• 3.3 Audience development - a new Commission priority
    • 3.4 Airlines getting the ECOC bug
    • 3.5 European Dimension - a balancing act
    • 3.6 ECOC glory snatching
    • 3.7 Before and after the ECOC
    • 3.8 Culture and conflict
  • 4. European Capitals of Culture: Success Strategies and Long-Term Effects
  • 5. ECOC selection process - lessons from the Dutch selection for 2018
  • 6. Social media innovations - a gimmick or god send?
  • 7 .Evaluation - impacts and indicators
  • 8. ECOC legacies - a longer term view
  • 9. Case study Guimaraes 2012
    • 9.1 Introduction
    • 9.2 Aims and objectives
    • 9.3 Organisation
    • 9.4 Budget
    • 9.5 The cultural programme
    • 9.6 Marketing and communications
    • 9.7 Infrastructure
    • 9.8 Tourism impacts
    • 9.9 Image impacts
    • 9.10 Business and employment impacts
    • 9.11 Legacies of the ECOC
    • 9.12 Critical success factors
    • 9.13 Shortcomings
    • 9.14 Overall conclusions and lessons for other cities
    • 9.15 How does Guimaraes 2012 compare with other ECOCs?
  • 10. Cultural Capitals around the world
  • 11. Bibliography collected sources 2012-2013
  • 12. Previous report contents

 

The authors:
 
 
Greg Richards is Professor of Leisure Studies at Tilburg University and Professor in Events at NHTV Breda in the Netherlands. He has been involved in researching and evaluating the ECOC programme for more than a decade. He has conducted surveys during a number of ECOC events, including Rotterdam (2001), Porto (2001), Salamanca (2002) Sibiu (2007) and Guimaraes (2012). He also organised an international cultural event as a project in the Sibiu ECOC. He has also published widely on the impacts of the ECOC and was a member of the Palmer Report team in 2004. In 2005 he was appointed to the international jury for the selection of the 2010 ECOC in Hungary.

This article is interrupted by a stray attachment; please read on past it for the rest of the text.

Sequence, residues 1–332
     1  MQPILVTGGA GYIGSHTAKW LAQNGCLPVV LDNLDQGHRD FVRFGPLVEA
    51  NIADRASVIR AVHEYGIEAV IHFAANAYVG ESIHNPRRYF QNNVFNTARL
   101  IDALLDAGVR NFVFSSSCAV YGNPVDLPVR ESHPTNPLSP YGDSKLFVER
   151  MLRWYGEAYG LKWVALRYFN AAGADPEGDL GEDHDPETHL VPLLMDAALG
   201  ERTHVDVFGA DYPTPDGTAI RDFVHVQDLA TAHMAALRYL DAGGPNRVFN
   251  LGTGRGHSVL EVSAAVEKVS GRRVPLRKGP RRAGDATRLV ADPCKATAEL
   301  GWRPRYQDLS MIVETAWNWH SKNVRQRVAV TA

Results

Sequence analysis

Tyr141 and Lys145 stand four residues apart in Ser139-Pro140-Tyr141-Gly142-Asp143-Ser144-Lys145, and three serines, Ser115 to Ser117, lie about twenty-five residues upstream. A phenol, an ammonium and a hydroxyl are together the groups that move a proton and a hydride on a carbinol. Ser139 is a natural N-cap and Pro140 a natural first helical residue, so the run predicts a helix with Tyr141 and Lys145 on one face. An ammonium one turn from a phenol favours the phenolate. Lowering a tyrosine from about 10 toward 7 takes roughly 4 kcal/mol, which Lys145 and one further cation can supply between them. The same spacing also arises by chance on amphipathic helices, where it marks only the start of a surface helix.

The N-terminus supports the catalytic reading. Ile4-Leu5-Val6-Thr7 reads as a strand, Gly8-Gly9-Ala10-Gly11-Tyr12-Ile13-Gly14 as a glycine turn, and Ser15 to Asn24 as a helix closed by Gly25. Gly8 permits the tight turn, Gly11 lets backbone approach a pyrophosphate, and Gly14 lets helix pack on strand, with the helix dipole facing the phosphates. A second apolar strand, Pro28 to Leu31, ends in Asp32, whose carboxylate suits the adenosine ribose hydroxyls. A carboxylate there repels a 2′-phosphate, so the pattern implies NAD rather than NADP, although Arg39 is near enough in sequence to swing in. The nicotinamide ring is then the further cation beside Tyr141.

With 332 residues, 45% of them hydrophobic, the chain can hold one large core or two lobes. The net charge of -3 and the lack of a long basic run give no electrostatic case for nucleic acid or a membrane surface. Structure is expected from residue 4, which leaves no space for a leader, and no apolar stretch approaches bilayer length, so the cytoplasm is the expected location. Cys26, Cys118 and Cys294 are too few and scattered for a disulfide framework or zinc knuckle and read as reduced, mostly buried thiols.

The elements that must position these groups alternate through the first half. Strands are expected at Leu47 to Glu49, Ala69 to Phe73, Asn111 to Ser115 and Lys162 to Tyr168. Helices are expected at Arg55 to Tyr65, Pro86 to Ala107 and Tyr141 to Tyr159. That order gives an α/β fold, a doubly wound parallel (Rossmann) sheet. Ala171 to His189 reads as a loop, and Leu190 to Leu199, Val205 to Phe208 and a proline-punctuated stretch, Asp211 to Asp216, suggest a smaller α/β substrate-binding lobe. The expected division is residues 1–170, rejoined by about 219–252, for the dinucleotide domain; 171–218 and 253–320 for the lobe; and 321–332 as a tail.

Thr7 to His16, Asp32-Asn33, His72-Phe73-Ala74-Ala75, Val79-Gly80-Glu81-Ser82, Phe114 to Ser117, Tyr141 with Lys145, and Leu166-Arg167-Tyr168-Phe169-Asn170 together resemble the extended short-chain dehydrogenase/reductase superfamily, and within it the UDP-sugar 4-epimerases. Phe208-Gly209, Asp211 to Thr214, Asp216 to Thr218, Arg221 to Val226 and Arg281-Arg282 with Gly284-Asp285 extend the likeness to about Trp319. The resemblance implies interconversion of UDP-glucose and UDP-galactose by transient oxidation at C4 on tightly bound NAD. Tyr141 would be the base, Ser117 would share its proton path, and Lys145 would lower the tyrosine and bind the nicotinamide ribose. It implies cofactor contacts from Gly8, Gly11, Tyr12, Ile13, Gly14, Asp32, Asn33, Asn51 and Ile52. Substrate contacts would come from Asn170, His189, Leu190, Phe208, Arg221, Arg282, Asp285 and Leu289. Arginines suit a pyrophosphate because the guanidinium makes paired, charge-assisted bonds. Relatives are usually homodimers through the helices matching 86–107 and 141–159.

Diane Dodd

Diane Dodd is a freelance consultant in the field of international cultural co-operation and local strategies for cultural development. Since 2007, Diane has worked for IFACCA (International Federation of Arts Councils and Cultural Agencies) on European affairs and is a contributor to IFACCA’s international news bulletin, ACORNS. In 2006, she developed and continues to co-ordinate ConnectCP - an international online database of experts on cultural policy, planning and research.

She is currently working on the third European Capitals of Culture report with TRAM-Research (UK) and carrying out consultancy work for Fundación Burgos 2016 in preparation for their bid to be European Capital of Culture 2016 (Spain). She is the editor for the I and II Handbook on Cultural Management for the European Cultural Foundation (Netherlands).

 

 
Robert Palmer

Robert Palmer is an independent cultural adviser who works regularly on international projects and assignments. He has worked in the cultural sector for more than 20 years, and has advised the European Commission, Council of Europe and 10 different European Cultural Institutes on cultural matters. In 2004 he directed the evaluation team which produced the Palmer Report on the European Capitals of Culture for the European Commission. His experience as the Director of two Capitals of Culture - Glasgow in 1990 and Brussels in 2000 - made him uniquely qualified for the job. He was formerly Director of Culture and Cultural and National Heritage at the Council of Europe. He managed a range of more than 60 different work programmes including the monitoring of cultural and heritage policies, capacity building projects and training seminars, and activities linked to cultural diversity, intercultural dialogue to major exhibitions (www.coe.int/culture).

Order your copy of the European Cultural Capital Report from ATLAS 

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For more information on Cultural Capital research, contact:

Greg Richards, TRAM Barcelona

greg@tram-research.com